STELLARTON - After the cancellation of a book signing for Joan Baxter's “The Mill: Fifty Years of Pulp and Protest,” local store owner Carrie Stewart was disappointed and wanted to do something.
In light of the cancellation Saturday at the Coles in Highland Square Mall, Stewart decided to host a book-signing at her business, The Art of Divination, in Stellarton on Dec. 16.
"I'm against bullying. What came across with the cancellation felt like bullying. I wanted to give (Baxter) a venue to share her opinion. Everyone is entitled to their opinion," said Stewart.
Although she was disappointed in what happened with Coles, Stewart said she isn't against Northern Pulp, and doesn't want to see anyone's jobs jeopardized.
She added, "My biggest ideal is that (Northern Pulp) would meet provincial environmental guidelines in cleaning up their effluent."
Kathy Cloutier, communications director for Northern Pulp, said the company and its employees responded to the planned book signing at Coles with a letter-writing campaign.
Employees and retirees associated with Northern Pulp signed an emailed letter that objected to the event, threatening to no longer patronize the business if Coles carried through with the book signing.
"I understand there have been comments that there has been some aggression potentially toward the Coles staff locally, and that is something that Northern Pulp's management would not condone, and certainly not encourage," said Cloutier. "We have a lot of employees who frequent the mall and who were offended over this book."
The email from Northern Pulp described Baxter's book as "one person profiting off negativity toward Northern Pulp and its past and present workforce that have raised families, put children through university and continues as a generational employer."
The letter ended with "should management (local or headquarters) follow through with this book signing promotion, I will NO longer be a patron of Coles in New Glasgow or any other Coles/Chapters locations."
"Our employees and retirees are going to shop, with Christmas right around the corner. It would be hard for an employee or retiree to walk through the mall with the children or grandchildren, and see a book demeaning their work," said Cloutier.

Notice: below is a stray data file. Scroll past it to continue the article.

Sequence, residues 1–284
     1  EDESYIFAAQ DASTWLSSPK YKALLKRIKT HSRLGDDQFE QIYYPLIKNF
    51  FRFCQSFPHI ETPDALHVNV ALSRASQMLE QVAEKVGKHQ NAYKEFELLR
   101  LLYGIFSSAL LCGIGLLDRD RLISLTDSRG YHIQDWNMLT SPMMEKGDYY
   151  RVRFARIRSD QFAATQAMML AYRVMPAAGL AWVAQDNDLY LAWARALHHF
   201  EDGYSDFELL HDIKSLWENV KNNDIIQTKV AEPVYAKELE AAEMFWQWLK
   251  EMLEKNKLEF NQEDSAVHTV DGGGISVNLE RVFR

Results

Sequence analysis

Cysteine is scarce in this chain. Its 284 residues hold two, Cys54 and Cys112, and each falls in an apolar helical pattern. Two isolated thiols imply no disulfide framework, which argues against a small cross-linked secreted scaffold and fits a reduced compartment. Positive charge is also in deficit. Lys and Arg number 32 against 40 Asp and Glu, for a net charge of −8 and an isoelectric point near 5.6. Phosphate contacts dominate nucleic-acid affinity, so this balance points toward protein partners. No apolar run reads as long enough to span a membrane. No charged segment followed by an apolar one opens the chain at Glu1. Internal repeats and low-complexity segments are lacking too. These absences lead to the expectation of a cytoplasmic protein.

Staff from the Coles store at the Highland Square Mall offered no comment, suggesting The News could contact Indigo for further information.
Kate Gregory, senior manager of public relations with Indigo, the company that owns Coles, stated that "a number of events leading up to the signing in New Glasgow" led the company to its decision to cancel the event.
"Our commitment to this experience may have been compromised. This was not due to pressure from the mill," she wrote.
Indigo has been in touch with Baxter, and has proposed a larger off-site event at a later date with Indigo as the bookseller. Gregory noted that Indigo has hosted two signings for the book, in Dartmouth and Truro.
In a call from The News, Const. Ken MacDonald with the New Glasgow Regional Police said they received no calls in reference to any incident at Coles.
Mixed reaction at public consultations
With Northern Pulp's proposed plans to construct a new effluent treatment system near its mill, the company has conducted a series of public consultations over the course of this week, seeking the input from the business community, provincial and municipal politicians and the public.
Cloutier stated that the consultations had upwards of 700 people in attendance, with about 350 residents of communities "from Thorburn to Lyons Brook."
Northern Pulp held the consultations with staff from Dillon Consultants and Guy Martin, an engineer from KSH Solutions, who Northern Pulp consulted in their creation of plans for the new system, on hand to help answer questions.
The consultations' presentations included the general plans relating to the system, along with the relevant science and some history on past methods of treatment.
Separate sessions were held for media, fishermen, the business community and the general public at separate times throughout the week at various locations.
Cloutier said the consultations are part of the question-gathering stage.
"We presented the design and science available so far, and that's part of a process we're in now," said Cloutier. "Once this session is over, in the coming weeks we're going to obtain answers for the questions posed, and will be back in March with sessions similar to those that are being run now."
Reactions, Cloutier noted, were varied. She said there was a lot of curiosity. Many who attended the consultations showed enthusiasm, while others showed a great deal of environmental concern about the new effluent treatment system, and what it meant for the ecosystems and wildlife of Northumberland Strait.
Fishermen from Nova Scotia, P.E.I. and New Brunswick who attended a consultation held on Monday were unanimously negative. Ron Heighton, president of the Northumberland Fishermen's Association, said, "they are not putting a pipe into our fishing territory – no way, it's not going to happen."
Fishermen have also expressed their opposition to the new system before Pictou council.
Cloutier said one of the most recurrent criticisms was a comparison between the proposed project and the situation in Boat Harbour. She noted the effluent released into Boat Harbour from the late 1960s to the 1990s is far different from the effluent that has been released from the mid 1990s until today.
"It's our responsibility to ensure we educate, and get that out to the public, so they know we are not creating a new Boat Harbour," she said.
Cloutier noted that it's understandable that people are critical of Northern Pulp's plans, and "that's one of the reasons we welcome the opportunity to hear from them, so we can address those exact concerns."
– With files from the Chronicle Herald